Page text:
How To Create Happy Customers By Following One Simple Rule
I wrote a blog post a while back about saying yes to opportunities more often and how it can lead to a more fulfilling life. I believe saying yes (a lot) is also a key component of great customer service.
I fly Southwest Airlines often and a while back they had an awesome slogan on every napkin given out with a beverage or snack. It said “In a world full of no, we’re a plane full of yes.” I love that for a couple of reasons. First, the phrase usually rings true in my experience with the airline and second, the slogan is an integral part of making sure your customers are happy and satisfied.
People hear the word “no” all the time. I realize there are many times this response is necessary to prevent us from hurting ourselves or keep general order in the world. This is not the kind of “no” I’m talking about. It’s the thousands of times we hear the word no from an employee, business, or organization when it would have been just as easy – and appropriate - to say yes.
I worked in the golf and hospitality industry for 26 years and the facility I managed was a big operation that gave us many touch points with our customers. It was not uncommon for us to see 300+ different people every day. They were there to have a good time, so we received all types of requests that may not have fit perfectly in our policies and procedures manual. Every time we thought we had heard it all, inevitably there would be another “well, that’s a new one.” As a staff, we talked about each of those “odd” requests as an opportunity to say yes. My mantra was Make no your last answer.
The idea was, unless it was going to get someone injured, or a blatant abuse of policy, we would do our best to say yes. We would exhaust all possibilities before we said the word no. Sure, there were plenty of times we had to say no, but when a customer saw how hard we were trying to say yes, they appreciated it. As a consumer, it’s never fun to hear no, but it’s even worse if it appears there is no effort whatsoever to accommodate a request.
Anyone who works with the public knows what a grind that consistently providing good customer service can be. It’s easy to be a superstar in short spurts, but when you listen to people’s wants, needs, demands, and complaints all day – day after day – it starts to feel like sandpaper rubbing your skin. That may sound harsh, but those who have ever spent the bulk of their time on that phone, behind that counter, or across that desk, know what I’m talking about.
As with most things, the vast majority of people are great to serve and work with. But, the small percentage that are difficult/unpleasant are SO difficult/unpleasant, it can taint your view of all customer interaction. All the more reason to make no your last answer. It’s disarming when difficult customers are met with constant smiles, genuine interest, and lots of yes.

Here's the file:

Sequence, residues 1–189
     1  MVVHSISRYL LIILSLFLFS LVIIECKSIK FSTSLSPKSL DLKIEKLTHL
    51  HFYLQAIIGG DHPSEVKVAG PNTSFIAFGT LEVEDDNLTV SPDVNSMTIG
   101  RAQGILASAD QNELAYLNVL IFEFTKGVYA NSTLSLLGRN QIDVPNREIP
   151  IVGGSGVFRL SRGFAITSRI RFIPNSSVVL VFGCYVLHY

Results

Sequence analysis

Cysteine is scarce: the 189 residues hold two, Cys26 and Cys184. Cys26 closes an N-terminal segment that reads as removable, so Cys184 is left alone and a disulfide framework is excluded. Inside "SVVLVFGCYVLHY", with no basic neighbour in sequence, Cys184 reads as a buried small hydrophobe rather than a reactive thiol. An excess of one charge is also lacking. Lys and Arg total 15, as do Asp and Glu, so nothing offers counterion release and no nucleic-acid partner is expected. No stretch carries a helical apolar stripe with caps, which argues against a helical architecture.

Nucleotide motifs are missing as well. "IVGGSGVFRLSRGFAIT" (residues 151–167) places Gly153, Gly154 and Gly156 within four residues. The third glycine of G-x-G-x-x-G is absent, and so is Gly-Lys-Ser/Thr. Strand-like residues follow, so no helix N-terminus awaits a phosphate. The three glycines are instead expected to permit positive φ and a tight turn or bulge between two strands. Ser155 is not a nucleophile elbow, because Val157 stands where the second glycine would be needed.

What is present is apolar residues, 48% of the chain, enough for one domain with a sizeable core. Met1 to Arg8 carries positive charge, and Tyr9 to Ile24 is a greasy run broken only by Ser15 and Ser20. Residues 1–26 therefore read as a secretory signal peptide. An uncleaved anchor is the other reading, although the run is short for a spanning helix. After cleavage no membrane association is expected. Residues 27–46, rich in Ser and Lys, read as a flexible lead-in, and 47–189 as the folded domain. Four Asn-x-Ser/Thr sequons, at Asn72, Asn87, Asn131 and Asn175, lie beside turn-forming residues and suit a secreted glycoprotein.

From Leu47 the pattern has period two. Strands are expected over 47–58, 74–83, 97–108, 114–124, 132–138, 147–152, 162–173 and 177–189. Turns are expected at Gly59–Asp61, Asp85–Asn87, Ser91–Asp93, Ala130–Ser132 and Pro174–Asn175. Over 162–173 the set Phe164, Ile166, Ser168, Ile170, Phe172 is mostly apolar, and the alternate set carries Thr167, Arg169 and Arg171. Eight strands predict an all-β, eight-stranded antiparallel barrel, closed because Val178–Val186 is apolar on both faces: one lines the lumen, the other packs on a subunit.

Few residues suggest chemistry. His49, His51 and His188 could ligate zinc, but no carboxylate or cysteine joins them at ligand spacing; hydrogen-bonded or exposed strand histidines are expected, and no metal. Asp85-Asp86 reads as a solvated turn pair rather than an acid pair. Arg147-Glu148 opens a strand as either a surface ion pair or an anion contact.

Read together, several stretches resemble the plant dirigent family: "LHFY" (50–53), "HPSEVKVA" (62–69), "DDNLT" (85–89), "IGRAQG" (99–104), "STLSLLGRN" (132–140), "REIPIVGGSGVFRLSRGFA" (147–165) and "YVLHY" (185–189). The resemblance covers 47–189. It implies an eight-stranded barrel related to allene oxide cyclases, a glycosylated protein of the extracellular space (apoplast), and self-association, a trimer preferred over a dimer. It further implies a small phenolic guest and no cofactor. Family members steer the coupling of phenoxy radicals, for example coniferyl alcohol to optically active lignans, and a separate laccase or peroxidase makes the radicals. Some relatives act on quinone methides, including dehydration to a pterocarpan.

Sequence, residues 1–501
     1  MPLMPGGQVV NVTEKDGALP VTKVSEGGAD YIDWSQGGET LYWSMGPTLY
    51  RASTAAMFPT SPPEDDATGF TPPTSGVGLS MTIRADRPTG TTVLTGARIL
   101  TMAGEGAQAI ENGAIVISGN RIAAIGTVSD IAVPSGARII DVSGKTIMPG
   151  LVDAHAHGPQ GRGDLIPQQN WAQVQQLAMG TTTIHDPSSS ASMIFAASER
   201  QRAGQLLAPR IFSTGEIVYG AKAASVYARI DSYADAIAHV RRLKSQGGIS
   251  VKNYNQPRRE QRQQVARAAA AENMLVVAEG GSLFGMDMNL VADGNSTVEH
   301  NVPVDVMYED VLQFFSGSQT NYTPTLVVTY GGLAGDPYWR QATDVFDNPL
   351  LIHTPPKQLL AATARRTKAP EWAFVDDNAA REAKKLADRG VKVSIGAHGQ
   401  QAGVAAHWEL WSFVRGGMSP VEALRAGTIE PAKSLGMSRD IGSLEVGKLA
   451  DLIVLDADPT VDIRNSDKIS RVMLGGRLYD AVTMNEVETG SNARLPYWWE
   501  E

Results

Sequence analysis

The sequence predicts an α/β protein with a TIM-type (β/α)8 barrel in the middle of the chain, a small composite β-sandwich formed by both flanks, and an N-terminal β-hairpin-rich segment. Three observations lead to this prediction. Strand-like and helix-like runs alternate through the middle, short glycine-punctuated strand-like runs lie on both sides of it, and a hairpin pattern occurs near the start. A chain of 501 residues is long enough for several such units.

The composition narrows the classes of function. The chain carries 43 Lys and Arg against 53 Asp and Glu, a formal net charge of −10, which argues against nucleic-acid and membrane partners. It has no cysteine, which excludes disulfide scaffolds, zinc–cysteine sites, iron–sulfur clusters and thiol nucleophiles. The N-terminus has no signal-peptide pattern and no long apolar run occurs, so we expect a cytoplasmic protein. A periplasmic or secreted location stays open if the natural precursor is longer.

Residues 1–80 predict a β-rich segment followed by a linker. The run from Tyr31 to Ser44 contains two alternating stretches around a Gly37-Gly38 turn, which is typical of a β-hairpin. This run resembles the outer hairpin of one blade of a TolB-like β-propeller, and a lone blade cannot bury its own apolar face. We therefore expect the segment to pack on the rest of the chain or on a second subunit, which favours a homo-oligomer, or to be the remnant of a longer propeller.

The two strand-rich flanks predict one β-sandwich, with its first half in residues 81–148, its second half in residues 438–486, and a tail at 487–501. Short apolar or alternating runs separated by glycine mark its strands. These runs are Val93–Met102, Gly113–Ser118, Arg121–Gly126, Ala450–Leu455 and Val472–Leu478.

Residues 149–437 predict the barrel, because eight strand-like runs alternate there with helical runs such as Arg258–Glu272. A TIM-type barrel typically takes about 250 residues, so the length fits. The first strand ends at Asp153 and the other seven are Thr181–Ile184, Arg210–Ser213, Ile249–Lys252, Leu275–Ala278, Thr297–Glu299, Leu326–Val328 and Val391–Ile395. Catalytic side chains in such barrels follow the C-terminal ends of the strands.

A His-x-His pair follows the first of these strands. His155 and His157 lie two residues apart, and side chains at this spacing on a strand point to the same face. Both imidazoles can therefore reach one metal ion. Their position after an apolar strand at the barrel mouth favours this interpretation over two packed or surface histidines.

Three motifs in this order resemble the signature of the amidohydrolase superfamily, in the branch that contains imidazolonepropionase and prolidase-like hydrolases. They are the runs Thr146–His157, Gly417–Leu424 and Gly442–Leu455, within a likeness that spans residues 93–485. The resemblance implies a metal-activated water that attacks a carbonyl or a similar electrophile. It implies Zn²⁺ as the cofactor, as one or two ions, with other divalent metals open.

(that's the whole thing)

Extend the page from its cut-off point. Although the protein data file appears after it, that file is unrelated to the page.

There is a certain attitude and mindset necessary for unfailing customer interaction. “How can I make this experience great for my customer?” “How can I show this person I genuinely care about them?” “How can I figure out how to say yes to this request?”
When no is your last answer, the customer knows you’re working with them and for them. How many times have you made a request at some establishment and you could see the “NO” coming before you even finished talking? Even the facial expression and body language of the representative was saying “Nope” before actually uttering the word. This is a huge turnoff. When a patron can tell you really care and sees your process of working through all options of saying yes, they will be more understanding if the answer has to be no.
When no is your last answer, you’re building a relationship with that customer, even if it’s for a short time. I can assure you they will remember that. I used to tell the staff all the time this stuff is not rocket science. It’s about treating people like you want to be treated and showing honest attention to their experience.
We can all learn from the slogan on the Southwest Airlines napkin.
When no is your last answer- yes is King.
Yes kicks arse.
Yes is way more fun.
People love yes.
In a world full of no, you’ll be the shiny yes standing out from the crowd.